If you wanted to compare Peter Sadlo’s arrangement of Ma Mère l’Oye with the original four-hand version, you have a very fine one done by Argerich and Pletnev. The traversal of Petit Poucet and Laideronnette is quite brisk, and although some charm is missing, the level of interest and involvement is high. The pianists show their perfect command of the tonal palette. Beauty and the Beast is especially spacious, and the finale has cosmic solemnity.
Finally, on Disc Six Argerich reunites with her old friend Nelson Freire. The two-piano (or four-hand) playing does not get any better than this. Even though they have already recorded most of this music (except for the Schubert), these are the versions to have. The accord between the two musicians is phenomenal. They seem to read each other’s minds. The recording quality is excellent. The piano sound is deep and beautiful, with absolute presence and warmth. This is a live recording from the Salzburg Festival. As in the best live events, everything seems to be just right.
The Haydn Variations by Brahms will not make you miss the orchestral colors. It is a feast of bell-ringing sonorities. The rhythmic interplay is lively, and the sense of excitement is vivid. At the same time, the playing is careful and gentle, with beautiful tonal shading. The pianists give each variation a different character. This music can be stately, but here it is suddenly playful, even humorous. Yes, the humor of Brahms can be heavy sometimes, but here it comes out friendly and sincere, very warm. The finale is overwhelming: the tightly compressed spring is uncoiled.
Next come Rachmaninov’s Symphonic Dances again: larger-than-life, expressing larger-than-life emotions. No more strange breaks and pauses: from the first measure, the music takes an eagle’s flight. It soars high and breathes free. There are no hard edges, the touch is elastic, and the steely muscles are covered in silk. The slow episode inside the first movement is crystal white, and the recapitulation has the drive of a locomotive. The second movement is a hazy waltz, and its veiled menace is thrilling. The last movement is a midnight terror, a witches’ Sabbath, a Niagara of black notes. Out of all the two-piano versions I heard, this one reflects the ideal balance between Beauty and of the Beast.
The performance of Schubert’s Rondo in A major is magical: so flexible, so gentle. It really opened my eyes to this piece; I never imagined it to be so enchanting. The pianists manage completely to avoid all squareness. The character is evenly calm and tender, without the dramatic outbursts of late Schubert. It is long, but I wish it were longer: it is such a sweet dream.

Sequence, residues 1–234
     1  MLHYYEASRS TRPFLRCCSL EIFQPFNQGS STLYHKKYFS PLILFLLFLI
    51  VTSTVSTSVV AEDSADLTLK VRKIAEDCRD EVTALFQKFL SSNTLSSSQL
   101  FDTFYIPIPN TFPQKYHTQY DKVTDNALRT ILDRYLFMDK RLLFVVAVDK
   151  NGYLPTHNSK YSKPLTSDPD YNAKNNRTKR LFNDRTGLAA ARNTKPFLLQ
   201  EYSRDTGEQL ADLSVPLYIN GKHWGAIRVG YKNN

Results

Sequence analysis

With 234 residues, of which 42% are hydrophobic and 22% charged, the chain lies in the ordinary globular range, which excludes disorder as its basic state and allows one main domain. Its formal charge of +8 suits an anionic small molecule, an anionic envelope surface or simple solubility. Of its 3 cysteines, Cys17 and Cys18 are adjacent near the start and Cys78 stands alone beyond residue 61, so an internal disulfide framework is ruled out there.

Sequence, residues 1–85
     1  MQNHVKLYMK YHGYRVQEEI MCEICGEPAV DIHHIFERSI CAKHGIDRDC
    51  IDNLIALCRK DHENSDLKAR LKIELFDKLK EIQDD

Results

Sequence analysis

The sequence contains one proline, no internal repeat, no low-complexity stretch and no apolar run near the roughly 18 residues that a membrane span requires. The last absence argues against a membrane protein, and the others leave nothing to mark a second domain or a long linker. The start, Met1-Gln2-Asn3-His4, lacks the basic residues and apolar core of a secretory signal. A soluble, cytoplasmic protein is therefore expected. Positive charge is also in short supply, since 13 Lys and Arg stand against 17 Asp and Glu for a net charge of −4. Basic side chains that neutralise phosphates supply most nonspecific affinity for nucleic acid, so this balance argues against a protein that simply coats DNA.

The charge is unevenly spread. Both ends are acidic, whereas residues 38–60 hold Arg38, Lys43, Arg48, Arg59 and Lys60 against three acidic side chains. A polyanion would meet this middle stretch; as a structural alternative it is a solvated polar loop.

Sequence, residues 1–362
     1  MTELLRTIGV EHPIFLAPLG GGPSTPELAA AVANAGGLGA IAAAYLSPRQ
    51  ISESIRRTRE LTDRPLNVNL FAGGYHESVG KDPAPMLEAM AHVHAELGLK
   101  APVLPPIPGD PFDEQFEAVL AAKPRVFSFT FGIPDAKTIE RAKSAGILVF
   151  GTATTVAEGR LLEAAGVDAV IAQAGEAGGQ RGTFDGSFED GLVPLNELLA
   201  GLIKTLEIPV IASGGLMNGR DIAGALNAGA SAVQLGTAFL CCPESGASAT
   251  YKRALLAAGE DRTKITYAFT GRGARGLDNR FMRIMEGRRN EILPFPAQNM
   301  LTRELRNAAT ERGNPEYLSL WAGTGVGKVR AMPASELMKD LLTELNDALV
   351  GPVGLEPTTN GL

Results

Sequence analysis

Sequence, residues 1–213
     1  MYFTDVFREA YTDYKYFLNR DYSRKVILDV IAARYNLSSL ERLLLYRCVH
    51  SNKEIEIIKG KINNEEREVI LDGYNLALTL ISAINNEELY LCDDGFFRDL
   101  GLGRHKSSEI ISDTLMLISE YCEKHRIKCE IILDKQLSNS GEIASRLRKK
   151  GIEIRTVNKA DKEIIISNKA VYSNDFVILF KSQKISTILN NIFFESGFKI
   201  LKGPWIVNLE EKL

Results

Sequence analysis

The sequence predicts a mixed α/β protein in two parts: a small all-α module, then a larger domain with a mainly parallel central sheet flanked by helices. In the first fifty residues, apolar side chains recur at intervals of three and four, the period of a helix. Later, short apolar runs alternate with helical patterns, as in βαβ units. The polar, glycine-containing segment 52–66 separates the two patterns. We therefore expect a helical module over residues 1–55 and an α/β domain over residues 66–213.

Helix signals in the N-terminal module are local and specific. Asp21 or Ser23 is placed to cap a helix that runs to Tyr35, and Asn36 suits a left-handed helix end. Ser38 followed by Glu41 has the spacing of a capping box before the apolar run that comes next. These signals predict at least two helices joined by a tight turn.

The recital ends with a roof-blowing rendition of Ravel’s La Valse. It was intended as a ballet, but Diaghilev deemed the music “un-theatrical”. This performance shows that no dancers are needed: the music itself dances as no dancer ever coul. It glitters and spins, an aristocratic whirlwind with dark undercurrents that lead to tragedy. It dances itself into ecstatic oblivion. The ending is a horrible shock: Why? What did I do? What went wrong? It’s waltzing on ice, when the ice floes suddenly start turning over, and everything drowns.
Overall, this six-disc collection is a thrill and a delight. It shows a snapshot of an outstanding musical personality, granting to us memorable performances of some of the best music ever written. Some trifling allowance must be made for recording quality not being on the same high level throughout, some ensembles may be slightly and momentarily out of coordination and you may take issue with some of the artistic decisions. Even so this is all so minor, compared to the excitement and the high artistry on offer. Not all these recordings are live, but they are all alive. This is a collection to love.
Full track listing
Sergei RACHMANINOV (1873-1943)
Symphonic Dances, Op.45 (1940) [32:41]
Peter TCHAIKOVSKY (1840-1893)
The Nutcracker, Op.71a – Suite from the ballet Op.71 (arr. for 2 pianos by N.Economou) (1892) [20:49]
Martha Argerich, Nicolas Economou (pianos)
rec. March 1983, Herkules-Saal, Munich [53:40]
Béla BARTÓK (1881-1945)
Sonata for Two Pianos and Percussion Sz.110 (1937) [25:51]
Maurice RAVEL (1875-1937)
Ma Mère l’Oye (arr. for 2 pianos and percussion by P.Sadlo) (1908-10) [15:33]
Rapsodie espagnole (arr. for 2 pianos and percussion by P.Sadlo) (1907) [13:50]
Martha Argerich, Nelson Freire (pianos), Peter Sadlo, Edgar Guggeis (percussion)
rec. Feb. 1993, Concertgebouw, Nijmegen [55:32]
Dmitri SHOSTAKOVICH (1906-1975)
Trio for Piano, Violin and Violoncello No.2 in E minor, Op.67 (1944) [29:03]
Trio for Piano, Violin and Violoncello in A minor, In memory of a great artist, Op.50 (1882) [47:33]
Peter KIESEWETTER (b.1945)
Tango pathétique [2:20]
Martha Argerich (piano), Gidon Kremer (violin), Mischa Maisky (cello)
rec. live, May 1998, Sumida Triphony Hall, Tokyo [79:21]
Johannes BRAHMS (1833-1897)
Piano Quartet No.1 in G minor, Op.25 (1861) [39:56]
Robert SCHUMANN (1810-1856)
Fantasiestücke, Op.88 (1842) [18:19]
Martha Argerich (piano), Gidon Kremer (violin), Yuri Bashmet (viola – Brahms), Mischa Maisky (cello)
rec. Feb. 2002, Teldex Studio, Berlin [58:18]
Sergei PROKOFIEV (1891-1953)
Cinderella – Suite from the ballet Op.87 (1940-44) (arr. for 2 pianos by M.Pletnev) [35:38]
Ma Mère l’Oye (1908-10) [14:02]
Martha Argerich, Mikhail Pletnev (pianos)
rec. Aug.2003, Théâtre de Vevey, Suisse [49:47]
Variations on a Theme by Joseph Haydn, Op.56b (1873) [17:09]
Symphonic Dances, Op.45 (1940) [31:56]
Franz SCHUBERT (1797-1828)
Rondo in A major, D.951 “Grand Rondeau” (1828) [11:09]
La Valse (1919-20) [12:09]
Martha Argerich, Nelson Freire (pianos)
rec. live, Aug.2009, Salzburg Festival [72:24]